Gullah, also known as Geechee, is primarily an oral and rural phenomenon. It is largely confined to a corridor along the coast of Southeastern North Carolina, South Carolina, Georgia, and Northeastern Florida in the United States. There is a small diaspora elsewhere in Florida and in Texas. Gullah is in a continuum relation with surrounding varieties of American English. It is not part of any official census and functions primarily in a close-knit community so that it is difficult to come up with precise speaker numbers. There are quite certainly no more than 10,000 monolinguals, but perhaps as many as a couple hundred thousand persons with some competency in the language in addition to varieties of English. The basilectal end of the spectrum is the default lect documented in APiCS. Linguistic material for the default lect description is taken mainly from Turner (1949) but also from Cunningham (1992) and the 2005 New Testament translation (De Nyew Testament). Data from the works of Hopkins (1994), Mufwene (2004), and Weldon (2003) were used as well, supplemented by examples from the author’s field research.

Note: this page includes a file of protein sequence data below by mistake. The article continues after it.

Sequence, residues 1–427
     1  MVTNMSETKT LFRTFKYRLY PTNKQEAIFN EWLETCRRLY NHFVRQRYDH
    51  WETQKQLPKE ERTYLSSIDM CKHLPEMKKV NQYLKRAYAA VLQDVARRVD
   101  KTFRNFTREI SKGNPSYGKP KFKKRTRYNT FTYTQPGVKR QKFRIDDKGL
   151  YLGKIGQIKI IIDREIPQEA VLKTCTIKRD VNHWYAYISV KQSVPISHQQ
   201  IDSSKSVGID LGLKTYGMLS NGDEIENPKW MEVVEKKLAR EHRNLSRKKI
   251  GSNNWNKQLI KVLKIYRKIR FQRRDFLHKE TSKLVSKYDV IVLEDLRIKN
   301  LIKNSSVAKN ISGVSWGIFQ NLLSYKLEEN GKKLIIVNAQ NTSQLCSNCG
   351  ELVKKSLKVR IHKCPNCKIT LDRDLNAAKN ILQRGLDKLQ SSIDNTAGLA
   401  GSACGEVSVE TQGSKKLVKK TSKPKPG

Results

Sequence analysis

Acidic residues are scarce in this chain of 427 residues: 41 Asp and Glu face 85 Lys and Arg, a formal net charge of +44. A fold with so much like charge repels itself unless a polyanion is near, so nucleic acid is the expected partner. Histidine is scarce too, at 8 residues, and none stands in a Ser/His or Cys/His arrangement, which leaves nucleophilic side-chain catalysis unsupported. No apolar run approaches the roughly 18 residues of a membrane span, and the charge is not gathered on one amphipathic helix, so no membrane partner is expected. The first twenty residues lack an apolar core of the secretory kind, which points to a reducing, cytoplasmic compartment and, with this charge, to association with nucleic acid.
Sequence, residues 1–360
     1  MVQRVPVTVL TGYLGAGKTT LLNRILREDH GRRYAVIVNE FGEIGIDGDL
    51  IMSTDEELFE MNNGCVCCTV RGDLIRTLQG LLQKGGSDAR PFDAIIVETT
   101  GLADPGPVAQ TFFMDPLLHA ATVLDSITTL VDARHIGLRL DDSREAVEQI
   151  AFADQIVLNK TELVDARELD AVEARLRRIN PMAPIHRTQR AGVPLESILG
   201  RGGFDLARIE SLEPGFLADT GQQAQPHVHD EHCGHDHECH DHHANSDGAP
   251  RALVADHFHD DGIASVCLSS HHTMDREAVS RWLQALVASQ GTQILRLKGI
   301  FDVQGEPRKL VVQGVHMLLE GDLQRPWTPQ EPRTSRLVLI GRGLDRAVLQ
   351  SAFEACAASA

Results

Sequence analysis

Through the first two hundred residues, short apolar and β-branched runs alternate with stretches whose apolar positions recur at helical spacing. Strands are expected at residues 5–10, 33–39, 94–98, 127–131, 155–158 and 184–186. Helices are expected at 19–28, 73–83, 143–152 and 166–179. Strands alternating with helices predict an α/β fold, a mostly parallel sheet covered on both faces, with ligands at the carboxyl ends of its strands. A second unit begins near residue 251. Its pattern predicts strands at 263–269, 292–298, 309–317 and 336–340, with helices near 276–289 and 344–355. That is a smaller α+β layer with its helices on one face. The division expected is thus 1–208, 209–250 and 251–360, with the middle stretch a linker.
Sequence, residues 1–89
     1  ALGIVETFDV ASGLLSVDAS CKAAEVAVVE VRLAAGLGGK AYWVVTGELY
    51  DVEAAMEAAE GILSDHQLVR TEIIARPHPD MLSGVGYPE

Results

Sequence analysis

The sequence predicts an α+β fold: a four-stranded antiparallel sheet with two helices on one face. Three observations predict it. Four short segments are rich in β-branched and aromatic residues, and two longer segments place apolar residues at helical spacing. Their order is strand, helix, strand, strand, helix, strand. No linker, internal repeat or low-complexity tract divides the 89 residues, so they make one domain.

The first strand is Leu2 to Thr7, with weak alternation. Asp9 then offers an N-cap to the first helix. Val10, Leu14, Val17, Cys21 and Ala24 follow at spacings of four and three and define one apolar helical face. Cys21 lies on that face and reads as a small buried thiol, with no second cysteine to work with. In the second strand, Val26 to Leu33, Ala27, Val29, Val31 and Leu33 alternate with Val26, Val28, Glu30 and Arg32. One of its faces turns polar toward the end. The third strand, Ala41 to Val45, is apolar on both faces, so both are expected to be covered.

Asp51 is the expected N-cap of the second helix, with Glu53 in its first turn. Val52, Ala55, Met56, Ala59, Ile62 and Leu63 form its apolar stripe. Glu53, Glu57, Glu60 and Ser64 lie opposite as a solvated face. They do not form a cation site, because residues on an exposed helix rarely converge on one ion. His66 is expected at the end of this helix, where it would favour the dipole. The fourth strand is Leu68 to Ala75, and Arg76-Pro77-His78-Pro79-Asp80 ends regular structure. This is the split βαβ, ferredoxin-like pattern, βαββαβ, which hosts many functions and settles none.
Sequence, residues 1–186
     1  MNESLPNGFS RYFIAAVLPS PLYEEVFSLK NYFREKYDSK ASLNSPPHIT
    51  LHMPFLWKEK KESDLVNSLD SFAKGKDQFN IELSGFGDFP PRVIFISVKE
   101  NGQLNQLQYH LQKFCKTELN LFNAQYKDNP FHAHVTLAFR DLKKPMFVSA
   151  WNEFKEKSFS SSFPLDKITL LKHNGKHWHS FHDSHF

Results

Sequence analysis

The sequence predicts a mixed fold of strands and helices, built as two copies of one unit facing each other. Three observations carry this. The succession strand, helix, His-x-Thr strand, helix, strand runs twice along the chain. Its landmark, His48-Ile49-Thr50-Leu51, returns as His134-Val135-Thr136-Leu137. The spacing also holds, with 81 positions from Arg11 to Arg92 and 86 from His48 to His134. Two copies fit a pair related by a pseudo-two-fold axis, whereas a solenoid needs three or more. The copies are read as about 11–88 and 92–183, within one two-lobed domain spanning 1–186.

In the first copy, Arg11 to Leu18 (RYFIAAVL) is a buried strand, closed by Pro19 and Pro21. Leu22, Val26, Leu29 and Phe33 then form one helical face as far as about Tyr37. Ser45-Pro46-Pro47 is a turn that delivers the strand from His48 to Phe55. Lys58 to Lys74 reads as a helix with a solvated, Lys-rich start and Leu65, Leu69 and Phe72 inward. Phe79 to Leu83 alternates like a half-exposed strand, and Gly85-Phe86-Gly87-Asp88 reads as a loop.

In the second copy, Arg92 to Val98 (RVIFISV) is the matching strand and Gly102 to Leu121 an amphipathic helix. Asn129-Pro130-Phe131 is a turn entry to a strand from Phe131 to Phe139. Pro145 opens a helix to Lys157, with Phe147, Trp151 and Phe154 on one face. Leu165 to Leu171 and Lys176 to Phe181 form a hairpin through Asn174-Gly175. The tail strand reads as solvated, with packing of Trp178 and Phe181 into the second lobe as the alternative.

I am grateful to the APiCS editors for critical peer commentary and to the Faculty Development Committee at Georgia Southern University for financial support to participate in the First APiCS Conference (5-8 November 2009).
|trill, tap or flap||r||ɾ|
|mb||prenasalized voiced bilabial plosive - Exists only in loanwords|
|ɹ||voiced dental/alveolar approximant - Exists (as a major allophone)|
|ʌ||lower central unrounded vowel - Exists (as a major allophone)|
|ɒ||low back rounded vowel - Exists only as a minor allophone|
|Exists (as a major allophone)|
|Exists only as a minor allophone|
|Exists only in loanwords|
|Does not exist|